Diffusion of Al and Si has been measured in synthetic and natural rutile under anhydrous conditions. Experiments used Al2O3 or Al2O3-TiO2 powder mixtures for Al diffusant sources, and SiO2-TiO2 powder mixtures or quartz-rutile diffusion couples for Si. Experiments were run in air in crimped Pt capsules, or in sealed silica glass ampoules with solid buffers (to buffer at NNO or IW). Al profiles were measured with Nuclear Reaction Analysis (NRA) using the reaction 27Al(p,γ)28Si. Rutherford Backscattering spectrometry (RBS) was used to measure Si diffusion profiles, with RBS also used in measurements of Al to complement NRA profiles. We determine the following Arrhenius relations from these measurements: For Al diffusion parallel to c, for experiments buffered at NNO, over the temperature range 1100–1400 °C:

DAl=1.21×102exp(531±27 kJ/mol1/RT)m2s1.

For Si diffusion parallel to c, for both unbuffered and NNO-buffered experiments, over the temperature range 1100–1450 °C:

DSi=8.53×1013exp(254±31 kJ/mol1/RT)m2s1.

Diffusion normal to (100) is similar to diffusion normal to (001) for both Al and Si, indicating little diffusional anisotropy for these elements. Diffusivities measured for synthetic and natural rutile are in good agreement, indicating that these diffusion parameters can be applied in evaluating diffusivities in rutile in natural systems Diffusivities of Al and Si for experiments buffered at IW are faster (by a half to three-quarters of a log unit) than those buffered at NNO.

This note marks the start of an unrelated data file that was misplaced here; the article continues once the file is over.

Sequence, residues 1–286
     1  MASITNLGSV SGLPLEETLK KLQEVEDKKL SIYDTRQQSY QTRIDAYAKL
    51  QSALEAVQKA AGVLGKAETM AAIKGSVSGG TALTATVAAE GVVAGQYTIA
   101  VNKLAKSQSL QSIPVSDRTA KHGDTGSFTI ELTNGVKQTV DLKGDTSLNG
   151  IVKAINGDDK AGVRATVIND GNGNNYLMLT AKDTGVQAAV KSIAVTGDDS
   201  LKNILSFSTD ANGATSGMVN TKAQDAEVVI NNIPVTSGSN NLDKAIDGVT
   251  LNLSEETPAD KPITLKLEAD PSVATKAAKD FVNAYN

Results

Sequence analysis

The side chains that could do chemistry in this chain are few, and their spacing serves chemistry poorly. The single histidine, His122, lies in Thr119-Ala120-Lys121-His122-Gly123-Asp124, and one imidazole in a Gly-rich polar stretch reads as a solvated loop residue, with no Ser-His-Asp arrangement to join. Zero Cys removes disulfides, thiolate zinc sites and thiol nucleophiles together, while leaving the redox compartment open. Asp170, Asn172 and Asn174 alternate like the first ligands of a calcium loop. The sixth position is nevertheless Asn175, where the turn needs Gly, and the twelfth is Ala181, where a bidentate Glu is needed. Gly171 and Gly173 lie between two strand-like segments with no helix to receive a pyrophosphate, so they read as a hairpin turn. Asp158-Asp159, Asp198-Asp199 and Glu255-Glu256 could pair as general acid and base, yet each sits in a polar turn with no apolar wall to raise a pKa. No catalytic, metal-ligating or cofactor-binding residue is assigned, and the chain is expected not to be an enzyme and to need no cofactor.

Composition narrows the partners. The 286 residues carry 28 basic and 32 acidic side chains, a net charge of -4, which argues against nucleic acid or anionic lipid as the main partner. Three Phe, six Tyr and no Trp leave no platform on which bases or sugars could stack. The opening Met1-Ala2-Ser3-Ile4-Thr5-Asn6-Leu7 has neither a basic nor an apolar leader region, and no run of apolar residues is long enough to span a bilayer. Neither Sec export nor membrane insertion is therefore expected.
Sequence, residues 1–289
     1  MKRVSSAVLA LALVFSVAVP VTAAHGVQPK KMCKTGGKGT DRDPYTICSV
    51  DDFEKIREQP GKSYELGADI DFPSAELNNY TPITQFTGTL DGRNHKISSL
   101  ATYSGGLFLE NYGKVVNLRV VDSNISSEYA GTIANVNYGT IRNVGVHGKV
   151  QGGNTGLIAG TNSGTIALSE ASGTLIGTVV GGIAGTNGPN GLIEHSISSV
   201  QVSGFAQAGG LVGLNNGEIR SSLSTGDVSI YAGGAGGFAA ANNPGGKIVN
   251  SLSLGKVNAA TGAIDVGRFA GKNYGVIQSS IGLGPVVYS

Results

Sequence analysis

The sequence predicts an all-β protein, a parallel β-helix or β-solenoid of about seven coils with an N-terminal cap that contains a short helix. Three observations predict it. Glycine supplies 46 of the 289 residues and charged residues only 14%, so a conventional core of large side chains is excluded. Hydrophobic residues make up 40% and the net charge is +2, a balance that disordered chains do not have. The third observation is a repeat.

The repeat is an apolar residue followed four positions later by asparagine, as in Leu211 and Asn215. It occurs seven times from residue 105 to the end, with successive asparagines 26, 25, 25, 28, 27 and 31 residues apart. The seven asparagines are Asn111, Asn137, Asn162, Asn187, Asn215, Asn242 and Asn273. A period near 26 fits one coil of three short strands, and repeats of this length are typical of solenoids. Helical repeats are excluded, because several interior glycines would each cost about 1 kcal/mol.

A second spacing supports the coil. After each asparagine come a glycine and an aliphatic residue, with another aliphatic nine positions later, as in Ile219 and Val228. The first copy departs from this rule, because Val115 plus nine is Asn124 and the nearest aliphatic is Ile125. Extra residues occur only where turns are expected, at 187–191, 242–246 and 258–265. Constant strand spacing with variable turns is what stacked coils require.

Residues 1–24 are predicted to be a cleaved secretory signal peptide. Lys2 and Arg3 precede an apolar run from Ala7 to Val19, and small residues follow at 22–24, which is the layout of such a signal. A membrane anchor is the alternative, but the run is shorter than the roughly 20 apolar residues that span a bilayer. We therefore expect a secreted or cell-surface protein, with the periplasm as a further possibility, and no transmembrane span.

Si and Al are among the slowest-diffusing species in rutile measured thus far. Diffusivities of Al and Si are significantly slower than the diffusion of Pb and slower than the diffusion of tetravalent Zr and Hf and pentavalent Nb and Ta. These data indicate that Al compositional information will be strongly retained in rutile, providing evidence for the robustness of the recently developed Al in rutile thermobarometer. For example, at 900 °C, Al compositional information would be preserved over ~3 Gyr in the center of 250 μm radius rutile grains, but Zr compositional information would be preserved for only about 300 000 yr at this temperature. Al-in-rutile compositions will also be much better preserved during subsolidus thermal events subsequent to crystallization than those for Ti-in-quartz and Zr-in-titanite crystallization thermometers.

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